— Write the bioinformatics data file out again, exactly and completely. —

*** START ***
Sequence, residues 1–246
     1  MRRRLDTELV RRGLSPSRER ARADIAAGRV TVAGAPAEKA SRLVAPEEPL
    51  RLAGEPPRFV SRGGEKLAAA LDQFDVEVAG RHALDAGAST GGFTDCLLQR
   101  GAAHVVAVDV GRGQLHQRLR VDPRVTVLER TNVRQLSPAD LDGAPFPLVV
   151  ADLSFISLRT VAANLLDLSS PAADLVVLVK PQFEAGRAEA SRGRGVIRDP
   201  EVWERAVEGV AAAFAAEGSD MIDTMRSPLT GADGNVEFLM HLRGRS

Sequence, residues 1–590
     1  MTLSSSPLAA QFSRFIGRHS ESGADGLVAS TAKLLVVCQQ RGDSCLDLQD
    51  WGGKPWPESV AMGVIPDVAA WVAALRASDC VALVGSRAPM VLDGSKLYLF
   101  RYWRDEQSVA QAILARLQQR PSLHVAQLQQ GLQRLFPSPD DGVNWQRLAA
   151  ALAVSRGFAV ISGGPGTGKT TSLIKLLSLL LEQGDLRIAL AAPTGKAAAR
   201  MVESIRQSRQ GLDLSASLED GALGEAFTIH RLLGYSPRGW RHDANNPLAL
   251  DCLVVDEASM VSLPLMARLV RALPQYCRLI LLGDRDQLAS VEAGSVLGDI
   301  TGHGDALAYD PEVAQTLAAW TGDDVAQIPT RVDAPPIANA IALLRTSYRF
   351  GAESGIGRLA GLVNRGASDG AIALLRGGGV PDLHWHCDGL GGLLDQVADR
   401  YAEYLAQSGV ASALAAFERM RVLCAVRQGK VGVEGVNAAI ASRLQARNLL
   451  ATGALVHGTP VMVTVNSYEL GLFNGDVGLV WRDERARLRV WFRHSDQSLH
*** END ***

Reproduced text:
Sequence, residues 1–246
     1  MRRRLDTELV RRGLSPSRER ARADIAAGRV TVAGAPAEKA SRLVAPEEPL
    51  RLAGEPPRFV SRGGEKLAAA LDQFDVEVAG RHALDAGAST GGFTDCLLQR
   101  GAAHVVAVDV GRGQLHQRLR VDPRVTVLER TNVRQLSPAD LDGAPFPLVV
   151  ADLSFISLRT VAANLLDLSS PAADLVVLVK PQFEAGRAEA SRGRGVIRDP
   201  EVWERAVEGV AAAFAAEGSD MIDTMRSPLT GADGNVEFLM HLRGRS

Sequence, residues 1–590
     1  MTLSSSPLAA QFSRFIGRHS ESGADGLVAS TAKLLVVCQQ RGDSCLDLQD
    51  WGGKPWPESV AMGVIPDVAA WVAALRASDC VALVGSRAPM VLDGSKLYLF
   101  RYWRDEQSVA QAILARLQQR PSLHVAQLQQ GLQRLFPSPD DGVNWQRLAA
   151  ALAVSRGFAV ISGGPGTGKT TSLIKLLSLL LEQGDLRIAL AAPTGKAAAR
   201  MVESIRQSRQ GLDLSASLED GALGEAFTIH RLLGYSPRGW RHDANNPLAL
   251  DCLVVDEASM VSLPLMARLV RALPQYCRLI LLGDRDQLAS VEAGSVLGDI
   301  TGHGDALAYD PEVAQTLAAW TGDDVAQIPT RVDAPPIANA IALLRTSYRF
   351  GAESGIGRLA GLVNRGASDG AIALLRGGGV PDLHWHCDGL GGLLDQVADR
   401  YAEYLAQSGV ASALAAFERM RVLCAVRQGK VGVEGVNAAI ASRLQARNLL
   451  ATGALVHGTP VMVTVNSYEL GLFNGDVGLV WRDERARLRV WFRHSDQSLH